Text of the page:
Pacific Southwest Region
California, Nevada and Klamath Basin

Las Vegas Man Sentenced to Two Years in Prison for Smuggling Iguana Meat In to the U.S

Apr 26, 2012

April 26, 2012
News release courtesy Department of Justice.

Contact: Melanie Pierson, Asst. U.S. Attorney, Southern District of California 619-557-5685

Las Vegas Man Sentenced to Two Years in Prison for Smuggling Iguana Meat In to the U.S

SAN DIEGO - United States Attorney Laura E. Duffy announced today that a Las Vegas resident was sentenced by the Honorable Janis L. Sammartino to serve 24 months in custody for smuggling iguana meat into the United States.  Eliodoro Soria Fonseca, 38, admitted that on June 7, 2011, he entered the United States from Mexico with several coolers stuffed with iguana meat, concealed under fish.  Officers with Customs and Border Protection at the Otay Mesa Port of Entry ultimately searched the coolers, and found the beheaded, skinned, and deboned bodies of 115 iguanas (weighing 159 pounds) concealed inside. Fonseca acknowledged as part of his guilty plea that he intentionally concealed the iguana meat, which he knew he should declare to United States authorities.

According to Assistant United States Attorney Melanie Pierson, who represented the United States at the sentencing hearing, the U.S. Fish and Wildlife Service laboratory determined the meat to be of the species Iguana iguana (commonly known as the green iguana), which is covered by the Convention on International Trade in Endangered Species (CITES), Appendix II.  CITES Appendix II lists species which are not yet endangered, but may become threatened with extinction if trade is not tightly controlled. The defendant had no import license from by U.S. Fish and Wildlife Service for this importation, nor any CITES permit issued by Mexico’s wildlife management authority.  And according to sentencing documents filed in court, a full time researcher working for the Conservation and Sustainable Use of Iguanas of the Priority Species Protection Council in Mexico concluded that removing over 100 iguanas from the Nyarit area (where Soria Fonseca obtained these animals) essentially “means that the local population was technically wiped out.”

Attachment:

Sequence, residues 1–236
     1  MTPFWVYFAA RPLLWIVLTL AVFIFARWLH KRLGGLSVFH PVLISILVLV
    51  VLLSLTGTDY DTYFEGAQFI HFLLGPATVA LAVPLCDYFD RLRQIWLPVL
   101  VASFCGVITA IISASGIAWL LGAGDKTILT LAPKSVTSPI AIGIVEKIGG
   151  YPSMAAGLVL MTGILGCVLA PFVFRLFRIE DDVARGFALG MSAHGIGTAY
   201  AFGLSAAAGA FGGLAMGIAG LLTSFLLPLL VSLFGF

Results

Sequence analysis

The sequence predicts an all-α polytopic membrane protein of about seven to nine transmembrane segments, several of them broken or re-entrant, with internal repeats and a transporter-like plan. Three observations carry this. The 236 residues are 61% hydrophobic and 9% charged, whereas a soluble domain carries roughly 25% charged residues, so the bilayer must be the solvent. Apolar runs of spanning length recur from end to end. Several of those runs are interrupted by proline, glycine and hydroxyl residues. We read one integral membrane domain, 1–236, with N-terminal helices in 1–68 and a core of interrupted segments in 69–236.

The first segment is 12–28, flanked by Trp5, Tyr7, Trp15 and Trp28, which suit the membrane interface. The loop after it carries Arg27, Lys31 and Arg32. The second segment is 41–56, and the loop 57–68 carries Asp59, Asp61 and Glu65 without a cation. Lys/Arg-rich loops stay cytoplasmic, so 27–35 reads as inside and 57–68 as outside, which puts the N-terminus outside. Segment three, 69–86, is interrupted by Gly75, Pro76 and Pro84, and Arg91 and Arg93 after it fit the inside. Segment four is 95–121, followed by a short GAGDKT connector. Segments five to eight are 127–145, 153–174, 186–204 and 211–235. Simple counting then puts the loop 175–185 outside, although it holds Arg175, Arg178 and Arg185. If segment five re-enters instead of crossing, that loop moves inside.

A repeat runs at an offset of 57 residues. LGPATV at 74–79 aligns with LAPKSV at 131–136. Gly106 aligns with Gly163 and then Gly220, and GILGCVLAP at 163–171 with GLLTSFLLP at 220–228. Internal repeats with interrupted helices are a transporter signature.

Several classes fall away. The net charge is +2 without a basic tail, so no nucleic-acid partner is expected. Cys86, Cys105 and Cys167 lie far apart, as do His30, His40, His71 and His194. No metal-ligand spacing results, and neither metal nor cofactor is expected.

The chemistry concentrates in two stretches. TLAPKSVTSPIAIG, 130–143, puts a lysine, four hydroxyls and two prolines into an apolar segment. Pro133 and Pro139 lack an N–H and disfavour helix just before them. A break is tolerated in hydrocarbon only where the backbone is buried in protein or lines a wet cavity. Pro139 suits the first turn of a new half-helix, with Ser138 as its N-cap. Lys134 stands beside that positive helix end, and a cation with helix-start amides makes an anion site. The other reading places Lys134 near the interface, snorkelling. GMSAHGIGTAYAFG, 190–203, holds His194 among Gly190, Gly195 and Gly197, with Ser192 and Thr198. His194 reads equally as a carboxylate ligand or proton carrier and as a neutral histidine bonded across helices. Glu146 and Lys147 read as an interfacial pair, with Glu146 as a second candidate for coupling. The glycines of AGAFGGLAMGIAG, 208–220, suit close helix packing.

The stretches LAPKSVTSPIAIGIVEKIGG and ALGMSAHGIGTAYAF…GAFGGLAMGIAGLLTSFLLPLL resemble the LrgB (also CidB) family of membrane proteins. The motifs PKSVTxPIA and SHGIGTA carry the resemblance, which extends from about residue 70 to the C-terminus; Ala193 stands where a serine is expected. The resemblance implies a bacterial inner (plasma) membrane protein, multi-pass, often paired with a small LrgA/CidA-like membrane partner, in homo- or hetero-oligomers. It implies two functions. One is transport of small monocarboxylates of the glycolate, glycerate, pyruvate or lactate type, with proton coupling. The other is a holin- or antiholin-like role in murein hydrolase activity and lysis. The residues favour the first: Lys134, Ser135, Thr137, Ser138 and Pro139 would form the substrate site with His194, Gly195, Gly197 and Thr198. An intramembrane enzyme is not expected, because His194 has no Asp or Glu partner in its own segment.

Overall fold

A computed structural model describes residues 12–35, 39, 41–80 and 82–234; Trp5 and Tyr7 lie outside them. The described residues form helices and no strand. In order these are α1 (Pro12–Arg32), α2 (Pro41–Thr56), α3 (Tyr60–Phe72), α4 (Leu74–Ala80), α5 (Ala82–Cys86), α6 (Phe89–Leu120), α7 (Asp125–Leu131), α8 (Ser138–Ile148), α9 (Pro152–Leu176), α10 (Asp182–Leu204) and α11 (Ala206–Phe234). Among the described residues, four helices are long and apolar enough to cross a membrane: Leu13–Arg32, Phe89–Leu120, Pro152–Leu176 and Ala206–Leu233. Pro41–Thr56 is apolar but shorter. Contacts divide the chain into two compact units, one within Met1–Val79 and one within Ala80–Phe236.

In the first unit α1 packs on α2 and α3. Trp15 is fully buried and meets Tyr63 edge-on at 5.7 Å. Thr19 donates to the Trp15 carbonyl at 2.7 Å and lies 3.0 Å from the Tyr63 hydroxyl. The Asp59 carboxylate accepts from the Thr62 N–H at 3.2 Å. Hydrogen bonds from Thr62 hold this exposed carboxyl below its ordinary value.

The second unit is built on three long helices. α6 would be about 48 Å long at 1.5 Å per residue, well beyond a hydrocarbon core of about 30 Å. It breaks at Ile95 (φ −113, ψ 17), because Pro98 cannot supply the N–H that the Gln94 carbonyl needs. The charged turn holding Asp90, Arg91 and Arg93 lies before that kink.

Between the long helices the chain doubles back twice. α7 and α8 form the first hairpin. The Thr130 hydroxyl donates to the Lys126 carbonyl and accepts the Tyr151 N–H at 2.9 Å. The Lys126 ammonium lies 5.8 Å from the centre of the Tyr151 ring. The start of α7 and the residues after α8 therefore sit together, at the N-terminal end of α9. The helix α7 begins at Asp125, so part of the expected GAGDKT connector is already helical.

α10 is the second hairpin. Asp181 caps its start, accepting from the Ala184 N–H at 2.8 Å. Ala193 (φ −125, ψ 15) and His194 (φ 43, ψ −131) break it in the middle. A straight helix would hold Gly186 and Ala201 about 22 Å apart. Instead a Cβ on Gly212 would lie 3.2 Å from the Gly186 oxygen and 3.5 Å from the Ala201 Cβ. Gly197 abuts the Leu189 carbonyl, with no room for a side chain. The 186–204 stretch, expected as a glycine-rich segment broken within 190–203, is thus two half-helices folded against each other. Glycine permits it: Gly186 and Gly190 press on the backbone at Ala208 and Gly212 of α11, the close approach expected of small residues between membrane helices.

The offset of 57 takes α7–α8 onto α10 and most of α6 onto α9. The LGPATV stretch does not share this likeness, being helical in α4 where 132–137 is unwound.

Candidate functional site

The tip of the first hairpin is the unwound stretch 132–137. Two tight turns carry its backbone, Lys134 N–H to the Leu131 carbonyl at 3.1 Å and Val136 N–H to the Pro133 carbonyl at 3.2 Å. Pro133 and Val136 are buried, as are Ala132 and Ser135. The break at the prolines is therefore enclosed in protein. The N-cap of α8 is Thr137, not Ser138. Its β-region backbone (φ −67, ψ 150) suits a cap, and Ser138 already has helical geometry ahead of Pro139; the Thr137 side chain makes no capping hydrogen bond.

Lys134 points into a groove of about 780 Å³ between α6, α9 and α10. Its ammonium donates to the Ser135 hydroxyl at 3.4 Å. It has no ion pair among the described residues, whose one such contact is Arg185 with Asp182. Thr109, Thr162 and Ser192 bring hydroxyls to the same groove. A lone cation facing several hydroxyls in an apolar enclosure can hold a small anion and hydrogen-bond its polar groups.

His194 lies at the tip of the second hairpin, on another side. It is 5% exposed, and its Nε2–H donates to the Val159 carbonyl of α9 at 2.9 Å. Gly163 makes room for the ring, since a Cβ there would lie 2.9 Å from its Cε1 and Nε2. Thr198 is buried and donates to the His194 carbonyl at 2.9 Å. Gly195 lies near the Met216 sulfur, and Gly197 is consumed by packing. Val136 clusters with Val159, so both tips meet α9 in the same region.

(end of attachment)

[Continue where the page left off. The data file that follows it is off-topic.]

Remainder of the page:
According to admissions in his guilty plea, the defendant imported the iguana meat for the purpose of serving it as food to humans.  But as noted by the United States during the sentencing hearing, iguana meat frequently carries Salmonella bacteria, which can be transmitted to people who eat contaminated food.  According to the International Journal of Food Microbiology, Salmonella constitutes a “significant public health risk” due to the documented high intestinal carrier rate in reptiles, and an equally high contamination rate in their fresh and frozen meat.  Most people infected with Salmonella develop diarrhea, fever and abdominal cramps, and in a small number of cases suffer from severe illness and even death.

United States Attorney Duffy praised the U.S. Customs and Border Protection and the U.S. Fish and Wildlife Service for their efforts in this prosecution, and their commitment to protect the American public from the health risks posed by the illegal importation of untested wildlife.  United States Attorney Duffy also reiterated her Office’s commitment to protecting threatened wildlife species from smugglers and other criminals.

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